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The immediate impact of the coronavirus shutdown is striking in its magnitude and the speed at which it has spread. Based on labor statistics coming out of both the U.S. and Australia, which provide takeaways for countries across the globe, the effects of the global health pandemic are being concentrated in a group of specific industries, in particular, making jobs – and thus, individuals – within those industries among those at the greatest risk. 

For one group of about 1.4 million workers in Australia – primarily those in the restaurant, entertainment, recreation, travel (and thus, travel retail), accommodations, and air travel industries, “the risk of loss of work is the inevitable result of government intervention,” according to University of Melbourne Economics professor Jeff Borland, whether that be mandated non-essential business shutdowns or enduring government restrictions on travels, as the country was “approaching a nationwide lockdown” as of late last month.

Another particularly high-risk group, one that comprises about 900,000 workers in Australia, is retail and personal services, “where the effect on jobs is coming from the largescale pattern of consumers cutting spending on everything but essential items,” paired with often-required store closures. Nike, for instance, was among one of the major global brands to announce last month that it would close all of its stores in Australia, with others expected to follow suit.

Within the expansive retail sector, Borland found that the “clothing, footwear, and personal accessories” industry is in a particularly precarious position “due to the fact that households are reducing purchases of durable goods,” with the same risks carrying over the department stores and their workforces.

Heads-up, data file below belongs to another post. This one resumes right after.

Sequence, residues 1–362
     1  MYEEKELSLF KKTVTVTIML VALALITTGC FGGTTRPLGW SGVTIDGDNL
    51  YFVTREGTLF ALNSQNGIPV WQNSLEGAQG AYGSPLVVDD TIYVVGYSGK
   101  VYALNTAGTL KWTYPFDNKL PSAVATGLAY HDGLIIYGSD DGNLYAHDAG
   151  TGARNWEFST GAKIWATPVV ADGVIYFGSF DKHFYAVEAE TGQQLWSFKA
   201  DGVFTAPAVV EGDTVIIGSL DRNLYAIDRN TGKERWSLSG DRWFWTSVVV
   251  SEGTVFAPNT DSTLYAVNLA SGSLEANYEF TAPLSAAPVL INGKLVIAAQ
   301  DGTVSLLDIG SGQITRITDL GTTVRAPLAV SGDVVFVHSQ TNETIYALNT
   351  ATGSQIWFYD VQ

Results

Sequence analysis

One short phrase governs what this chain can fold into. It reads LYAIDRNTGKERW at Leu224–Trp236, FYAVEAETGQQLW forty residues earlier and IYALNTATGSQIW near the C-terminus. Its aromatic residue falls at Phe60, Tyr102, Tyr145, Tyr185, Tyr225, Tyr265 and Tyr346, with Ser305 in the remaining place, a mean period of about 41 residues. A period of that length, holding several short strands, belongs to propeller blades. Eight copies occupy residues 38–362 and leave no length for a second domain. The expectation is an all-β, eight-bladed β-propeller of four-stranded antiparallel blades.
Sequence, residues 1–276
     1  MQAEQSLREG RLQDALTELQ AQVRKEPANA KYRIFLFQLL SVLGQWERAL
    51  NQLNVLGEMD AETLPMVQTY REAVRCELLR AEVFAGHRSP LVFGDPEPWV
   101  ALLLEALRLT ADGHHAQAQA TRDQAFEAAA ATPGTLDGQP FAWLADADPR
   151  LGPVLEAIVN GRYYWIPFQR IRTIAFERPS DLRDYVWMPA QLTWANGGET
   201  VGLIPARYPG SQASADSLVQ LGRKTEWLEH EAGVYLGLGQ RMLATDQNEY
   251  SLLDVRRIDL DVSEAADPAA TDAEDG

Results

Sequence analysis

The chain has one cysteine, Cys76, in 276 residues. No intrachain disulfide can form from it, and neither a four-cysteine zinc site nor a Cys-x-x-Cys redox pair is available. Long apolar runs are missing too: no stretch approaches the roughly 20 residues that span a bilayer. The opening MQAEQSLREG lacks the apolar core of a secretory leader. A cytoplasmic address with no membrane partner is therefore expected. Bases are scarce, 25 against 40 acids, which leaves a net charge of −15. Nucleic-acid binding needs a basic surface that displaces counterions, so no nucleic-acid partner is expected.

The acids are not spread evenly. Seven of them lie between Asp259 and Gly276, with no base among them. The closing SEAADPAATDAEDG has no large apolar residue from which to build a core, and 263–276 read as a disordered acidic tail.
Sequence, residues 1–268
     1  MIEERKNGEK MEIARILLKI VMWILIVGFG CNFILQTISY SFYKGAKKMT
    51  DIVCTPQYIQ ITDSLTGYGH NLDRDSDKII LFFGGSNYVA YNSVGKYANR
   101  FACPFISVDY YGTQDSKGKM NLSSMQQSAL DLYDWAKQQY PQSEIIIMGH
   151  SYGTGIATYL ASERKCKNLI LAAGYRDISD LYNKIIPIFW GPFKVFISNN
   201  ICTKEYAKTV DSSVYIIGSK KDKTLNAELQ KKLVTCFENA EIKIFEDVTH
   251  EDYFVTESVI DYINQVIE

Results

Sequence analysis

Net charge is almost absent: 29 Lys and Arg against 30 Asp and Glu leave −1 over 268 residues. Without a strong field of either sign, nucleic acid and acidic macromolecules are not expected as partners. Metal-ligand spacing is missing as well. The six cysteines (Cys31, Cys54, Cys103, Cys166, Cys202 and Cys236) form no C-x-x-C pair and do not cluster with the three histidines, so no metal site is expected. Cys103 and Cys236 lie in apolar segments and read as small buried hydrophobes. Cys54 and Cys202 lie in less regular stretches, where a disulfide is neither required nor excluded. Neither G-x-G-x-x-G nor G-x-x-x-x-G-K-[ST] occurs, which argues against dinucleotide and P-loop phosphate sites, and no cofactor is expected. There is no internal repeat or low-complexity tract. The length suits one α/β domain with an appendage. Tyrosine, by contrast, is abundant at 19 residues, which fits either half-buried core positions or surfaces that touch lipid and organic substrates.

Borland notes that the laborers that populate these “at-risk” segments are predominantly young (more than half are under 35 years of age), and a slightly higher proportion are female than male. 

Meanwhile, in the U.S., the Pew Research Center states that “nearly one-in-four workers – 38.1 million out of 157.5 million – are employed in the industries most likely to feel an immediate impact from the COVID-19 outbreak.” Among the most vulnerable, according to the Washington, DC-based think tank, are those who work in retail trade, and food and beverage services industries, which employ nearly 26 million Americans, and are already being hit hard by layoffs and declining revenues. 

For U.S. workers, much like their Australian counterparts, “young people are set to be disproportionately affected by COVID-19 virus-related layoffs,” as are women: 19.4 million workers in these “high risk” industries are women compared with 18.7 million men, according to Pew. The think tank further asserts that “there are slightly fewer white workers in the higher-risk industries relative to their share of the workforce overall, while black and Hispanic workers have a slightly larger presence in these industries.”

Specifically addressing retail, which employs some 16.2 million workers, Pew states that “employment outcomes are more uncertain” than in other industries. “While brick-and-mortar operations are at higher risk because some are closed by government mandate and shoppers are otherwise encouraged to stay home,” it notes that “e-commerce shopping providers may stand to benefit.” 

As for the job market more generally, Heidi Shierholz, senior economist at the Economic Policy Institute, told Yahoo Finance that in the past, “low middle income workers [have been] hit harder by recessions.” This will not only remain the case for the COVID-19-spurred downturn, she says that “this is going to be more true than ever before because many of the workers who are profoundly affected by the social distancing measures are low wage workers, such as brick-and-mortar retail staff.”